Jack Flaherty’s tremendous rookie season ended with something of a thud. He lasted just 2.2 innings during the finale, serving up 4 runs on 4 hits. His September ended with just 1 quality start in his last six, an 0-3 record, 18 walks and 2 hit batsmen in his 28.2 innings, and a 5.34 ERA. There are better things ahead for young Mr Flaherty. In spite of his shaky September, Jack started 19 games this season against teams that would win more than they lose. His record in those games was only 5-7, but with a 3.35 ERA and a .198 batting average against. He struck out 124 in 102 innings – 10.94 per nine innings against winning teams.
Jack is an arm to keep an eye on for next year.
As for his recent struggles, they pretty much mirrored the entire rotation this month. Cardinal starters finished the month with a 4.60 ERA and just 7 quality starts among their 27 games.
Bullpen Sputters to the End.
The game was still close when Mike Shildt went to get Flaherty. It was just 3-2 Chicago at the time. So one last time, for 2018 anyway, Shildt entrusted the game to his bullpen. The results were consistent with the performance through the rest of this month. Five-and-a-third innings later, Chicago – in addition to scoring one of the runners that Flaherty had left on base – had scored 6 additional runs (4 earned) on 8 hits – including 3 doubles and a home run – and 3 walks. Even though the offense eventually scrapped its way to 5 runs of their own, they were never really in it once the pen took over.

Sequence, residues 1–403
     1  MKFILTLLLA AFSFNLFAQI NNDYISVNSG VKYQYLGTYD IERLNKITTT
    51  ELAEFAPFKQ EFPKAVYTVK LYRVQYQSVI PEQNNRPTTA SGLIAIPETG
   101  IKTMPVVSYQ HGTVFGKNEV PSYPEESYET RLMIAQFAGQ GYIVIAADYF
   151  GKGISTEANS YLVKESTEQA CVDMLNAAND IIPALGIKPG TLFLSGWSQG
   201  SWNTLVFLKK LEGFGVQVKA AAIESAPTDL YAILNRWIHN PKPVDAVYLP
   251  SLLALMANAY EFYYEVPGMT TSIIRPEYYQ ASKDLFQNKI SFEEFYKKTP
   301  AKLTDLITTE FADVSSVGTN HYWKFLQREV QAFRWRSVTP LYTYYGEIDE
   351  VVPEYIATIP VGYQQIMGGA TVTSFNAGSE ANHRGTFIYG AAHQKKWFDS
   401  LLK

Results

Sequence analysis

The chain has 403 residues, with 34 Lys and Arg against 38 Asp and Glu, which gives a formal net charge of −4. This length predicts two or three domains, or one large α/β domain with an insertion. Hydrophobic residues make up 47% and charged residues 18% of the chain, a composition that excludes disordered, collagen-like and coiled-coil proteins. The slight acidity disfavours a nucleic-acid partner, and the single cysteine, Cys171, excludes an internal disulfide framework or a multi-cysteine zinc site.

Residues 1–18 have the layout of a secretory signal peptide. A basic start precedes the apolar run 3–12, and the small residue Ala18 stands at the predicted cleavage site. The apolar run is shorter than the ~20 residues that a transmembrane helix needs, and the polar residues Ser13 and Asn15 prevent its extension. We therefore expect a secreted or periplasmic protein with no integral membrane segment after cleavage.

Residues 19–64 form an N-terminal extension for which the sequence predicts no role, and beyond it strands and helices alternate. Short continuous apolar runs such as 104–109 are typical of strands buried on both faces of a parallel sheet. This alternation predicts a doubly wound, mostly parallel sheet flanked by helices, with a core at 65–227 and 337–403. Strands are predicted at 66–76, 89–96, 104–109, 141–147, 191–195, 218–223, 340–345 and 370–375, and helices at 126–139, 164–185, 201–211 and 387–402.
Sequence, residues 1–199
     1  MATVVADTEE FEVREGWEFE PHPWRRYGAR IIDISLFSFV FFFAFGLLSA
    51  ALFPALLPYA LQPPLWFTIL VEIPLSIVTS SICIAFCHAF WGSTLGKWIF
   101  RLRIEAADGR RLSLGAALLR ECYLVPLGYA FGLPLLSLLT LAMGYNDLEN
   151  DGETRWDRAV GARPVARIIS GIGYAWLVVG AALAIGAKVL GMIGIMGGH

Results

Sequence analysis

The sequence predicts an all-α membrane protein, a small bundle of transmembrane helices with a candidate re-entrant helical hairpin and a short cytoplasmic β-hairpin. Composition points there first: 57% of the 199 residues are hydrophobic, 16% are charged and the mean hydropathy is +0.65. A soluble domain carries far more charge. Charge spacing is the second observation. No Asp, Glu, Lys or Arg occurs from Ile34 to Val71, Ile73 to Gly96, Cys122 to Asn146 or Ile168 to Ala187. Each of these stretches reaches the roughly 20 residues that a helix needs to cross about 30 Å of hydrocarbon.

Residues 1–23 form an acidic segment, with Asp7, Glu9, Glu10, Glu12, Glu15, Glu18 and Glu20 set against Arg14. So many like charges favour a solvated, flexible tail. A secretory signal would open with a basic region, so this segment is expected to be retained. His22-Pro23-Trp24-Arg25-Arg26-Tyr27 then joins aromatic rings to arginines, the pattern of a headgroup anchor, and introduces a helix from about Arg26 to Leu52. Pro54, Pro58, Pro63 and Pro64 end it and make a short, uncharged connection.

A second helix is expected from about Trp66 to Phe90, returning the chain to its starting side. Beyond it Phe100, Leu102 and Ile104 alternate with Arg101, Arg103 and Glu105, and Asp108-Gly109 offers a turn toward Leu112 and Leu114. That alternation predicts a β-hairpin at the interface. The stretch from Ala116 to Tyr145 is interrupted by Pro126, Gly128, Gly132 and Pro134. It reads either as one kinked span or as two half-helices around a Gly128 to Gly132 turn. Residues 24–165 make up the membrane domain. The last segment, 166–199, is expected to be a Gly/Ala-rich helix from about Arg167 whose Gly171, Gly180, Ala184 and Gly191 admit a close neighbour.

The September numbers tell the story. In 104.1 innings (almost 4 a game), the Cardinal bullpen gave 71 runs (58 earned) on 111 hits including 15 home runs. They also walked 68 batters. They finished the month with a 5.00 ERA, a .275 batting average against, and a .376 on base percentage against.
In the 19 games against winning teams that St Louis played last month, the bullpen vulnerability was even more pronounced. In their 72.2 innings against the Nationals, Pirates, Dodgers, Braves, Brewers and Cubs, St Louis relievers gave 61 runs (49 earned) on 88 hits (including 12 home runs) and 53 walks. Their 6.07 ERA in those contests was accompanied by a .299/.403/.510 batting line against – a cool .913 OPS.
The bullpen was a concern going into last off-season. It will be again.
Austin Gomber’s trajectory – and season’s end, for that matter – closely mirror that of Flaherty. Another of the August revelations, Gomber served up 4 runs of his own in two relief innings in the finale. His damage included allowing his fourth home run in his last 10.2 innings. Austin ended September with a 9.15 ERA in 19.2 innings that included a batting line against of .356/.408/.578.
The season’s last two runs allowed were charged to Tyler Webb. They were both unearned. All of the last 5 runs that Tyler allowed this year were unearned.